“Usually, the food poisoning effect may come from the bacteria rather than from the mould,” said Khaw. “Mould may produce toxins, but the effect of those toxins is long-term, not an immediate effect.”
GETTING RID OF MOULD
For the removal of mould from surfaces other than food, Nanyang Polytechnic senior specialist in food chemistry and safety Gan Heng Hui offered a few solutions.
Bleach and common mould removal products, for example, can kill mould as they contain sodium hypochlorite as an active ingredient, she cited.
Vinegar is a “natural” home remedy as its acidity also kills mould, while ultraviolet-C light kills mould by destroying its cells. But she cautioned against combining bleach with vinegar and described the effect of this home remedy as “disastrous”.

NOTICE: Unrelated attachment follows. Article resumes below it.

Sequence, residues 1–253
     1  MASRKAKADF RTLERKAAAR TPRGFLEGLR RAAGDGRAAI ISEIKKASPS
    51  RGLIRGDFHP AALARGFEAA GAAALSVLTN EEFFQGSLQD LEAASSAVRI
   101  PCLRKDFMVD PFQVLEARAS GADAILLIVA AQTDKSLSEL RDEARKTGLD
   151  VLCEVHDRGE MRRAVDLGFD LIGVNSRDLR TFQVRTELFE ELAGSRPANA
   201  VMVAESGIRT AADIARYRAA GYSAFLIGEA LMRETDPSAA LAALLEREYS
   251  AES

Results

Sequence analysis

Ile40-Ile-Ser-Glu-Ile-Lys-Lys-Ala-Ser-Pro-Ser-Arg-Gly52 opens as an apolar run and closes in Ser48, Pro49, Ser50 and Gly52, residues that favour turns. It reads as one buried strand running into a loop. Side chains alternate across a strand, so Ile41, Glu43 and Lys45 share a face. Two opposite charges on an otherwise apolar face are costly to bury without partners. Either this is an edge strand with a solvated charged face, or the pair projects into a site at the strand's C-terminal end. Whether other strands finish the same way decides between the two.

“Because of the chemical reactions that take place between acid and hypochlorite, you might create an explosion, especially if the place isn’t ventilated,” she said.
WATCH: Is mould in our homes killing us? (22:51)
Air purifiers, meanwhile — those with High Efficiency Particulate Air filters in particular — do the job of trapping mould.
A lot of these “surface kills” are quick fixes, however, and Gan advised homeowners to deal with the “root cause” of mould growth — moisture — for a longer-lasting solution.
“Make sure that the place is well ventilated, and the air is dry,” she said. “And then try to clean (it) off whenever you see potential mould growth.”
Watch this episode of Talking Point here. The programme airs on Channel 5 every Thursday at 9.30pm.